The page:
Our vision is for our research to make a real difference to scaling up health services ‘fit for purpose’ to deliver quality continuing care despite limited resources - to the benefit of human health and development.
KGHI will lead the development and evaluation of innovative continuing care models taken to scale, informing policy, planning, health system design, and service delivery.
Our approach is trans-diagnostic, seeking translatable and generalizable health system strengthening innovations towards a framework for continuing care, promoting engagement on defined care pathways, tracking of adherence and outcomes, and ‘treatment to target’.
We embrace the challenges of task-shifted and task-shared models of care, a key strategy for achieving Universal Health Coverage, including the effective training, support and mentoring of non-specialists by specialist services.
We aim to play a significant role in training the next generation of global health researchers, with the knowledge, skills and experience relevant to meeting the challenges of the Sustainable Development Goals.
The challenge to improving healthcare
Healthcare in low and middle income countries reaches far too few of those in need (treatment gap), and does not achieve the best possible results (outcome gap). Resources are limited, so non-specialists provide most treatments. In South Africa nurses lead 90% of primary healthcare consults, in Sierra Leone non-specialists perform 52% of surgical procedures, and Zimbabwe and Ethiopia have fewer than 1 psychiatrist per million. In this context, improving healthcare is challenging, but essential for progress.
KGHI is a truly King’s-wide Institute harnessing our strengths in health service and system research, implementation and quality improvement science, critical social science and ethnography, geography and demography, health and development economics, policy research and knowledge translation.
We strive to add meaning to the concept of interdisciplinary research, valuing all contributions equally. We believe that interdisciplinarity needs radical new ways of working – driving innovation by crossing boundaries, and thinking across them.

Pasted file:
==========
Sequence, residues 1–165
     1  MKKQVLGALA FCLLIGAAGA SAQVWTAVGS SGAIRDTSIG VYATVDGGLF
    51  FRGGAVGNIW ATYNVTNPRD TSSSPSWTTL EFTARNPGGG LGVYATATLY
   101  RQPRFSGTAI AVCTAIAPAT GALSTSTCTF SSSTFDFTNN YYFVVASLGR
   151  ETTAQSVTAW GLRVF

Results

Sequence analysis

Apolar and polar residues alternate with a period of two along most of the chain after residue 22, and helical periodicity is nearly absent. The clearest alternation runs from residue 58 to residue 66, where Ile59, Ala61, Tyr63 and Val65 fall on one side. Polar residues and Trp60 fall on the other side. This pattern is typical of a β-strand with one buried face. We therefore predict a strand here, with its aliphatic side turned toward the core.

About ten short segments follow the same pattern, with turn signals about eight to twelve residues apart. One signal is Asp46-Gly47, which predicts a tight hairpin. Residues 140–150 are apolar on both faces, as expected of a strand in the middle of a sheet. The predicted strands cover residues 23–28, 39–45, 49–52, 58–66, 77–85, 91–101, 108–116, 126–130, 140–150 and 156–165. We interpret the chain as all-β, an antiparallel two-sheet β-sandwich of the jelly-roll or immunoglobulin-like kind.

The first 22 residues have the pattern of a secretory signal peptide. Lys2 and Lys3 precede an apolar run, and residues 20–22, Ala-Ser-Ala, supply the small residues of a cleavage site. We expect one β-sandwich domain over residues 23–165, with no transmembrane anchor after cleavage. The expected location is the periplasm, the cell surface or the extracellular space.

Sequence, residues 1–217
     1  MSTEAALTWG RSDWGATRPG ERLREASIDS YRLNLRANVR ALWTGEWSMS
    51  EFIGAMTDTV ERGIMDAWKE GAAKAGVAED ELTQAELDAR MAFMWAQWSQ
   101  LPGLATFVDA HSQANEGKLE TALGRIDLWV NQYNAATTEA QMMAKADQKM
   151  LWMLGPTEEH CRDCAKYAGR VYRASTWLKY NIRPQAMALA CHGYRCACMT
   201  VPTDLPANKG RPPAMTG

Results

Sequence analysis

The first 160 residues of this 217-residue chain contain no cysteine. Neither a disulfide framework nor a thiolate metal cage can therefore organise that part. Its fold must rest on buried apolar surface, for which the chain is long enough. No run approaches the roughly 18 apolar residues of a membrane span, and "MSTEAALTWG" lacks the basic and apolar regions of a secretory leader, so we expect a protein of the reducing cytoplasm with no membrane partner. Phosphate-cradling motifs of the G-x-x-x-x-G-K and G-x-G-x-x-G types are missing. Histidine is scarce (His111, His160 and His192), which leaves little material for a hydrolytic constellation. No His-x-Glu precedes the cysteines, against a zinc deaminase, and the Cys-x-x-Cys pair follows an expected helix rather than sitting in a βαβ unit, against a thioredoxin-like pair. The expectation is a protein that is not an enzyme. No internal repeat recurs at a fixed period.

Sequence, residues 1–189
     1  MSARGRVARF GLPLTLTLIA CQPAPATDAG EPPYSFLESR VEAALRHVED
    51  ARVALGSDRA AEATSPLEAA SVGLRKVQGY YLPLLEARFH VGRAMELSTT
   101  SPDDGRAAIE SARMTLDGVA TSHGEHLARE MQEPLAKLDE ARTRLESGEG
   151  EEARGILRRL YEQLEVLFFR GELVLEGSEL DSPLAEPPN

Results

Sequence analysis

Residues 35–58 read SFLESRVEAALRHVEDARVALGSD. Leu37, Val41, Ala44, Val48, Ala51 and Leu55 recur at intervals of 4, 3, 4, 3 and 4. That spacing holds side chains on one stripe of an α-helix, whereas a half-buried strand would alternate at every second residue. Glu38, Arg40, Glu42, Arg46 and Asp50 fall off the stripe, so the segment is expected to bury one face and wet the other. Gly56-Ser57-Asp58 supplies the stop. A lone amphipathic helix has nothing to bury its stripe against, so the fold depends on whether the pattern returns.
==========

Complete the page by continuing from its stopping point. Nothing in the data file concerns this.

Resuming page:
Our structures and strategy promote and encourage effective links and collaborations between researchers and educators in our Health and Arts and Sciences Schools, working together on our priority agenda.
Global Health, more than almost any other discipline, depends upon partnership. KGHI works in over 20 countries in sub-Saharan Africa, Latin America, and Asia. We benefit from a rich network of relationships, built up over the last 15 years.
We work with universities in high, middle and low income countries, Ministries of Health, World Health Organization and other intergovernmental agencies, international and national non-governmental organisations, patient and family organisations. Many of these relationships are long-term, spanning multiple programmes and activities.
We value these well-established, and highly productive associations with southern partners whose research capacity is already strong, and where collaborations can be broadened and deepened. KGHI also commits to long-term and strategic research capacity building with partners that have, as yet, relatively weak health system and research infrastructure.
KGHI aims to establish new standards in equitable partnership for mutual benefit, co-development of research agendas, educational collaboration, and commitment to capacity building and research infrastructure development.
We facilitate south-south partnerships among our partners, and believe that our own increasingly resource-constrained high income country healthcare systems can learn from innovations developed and introduced in the global south.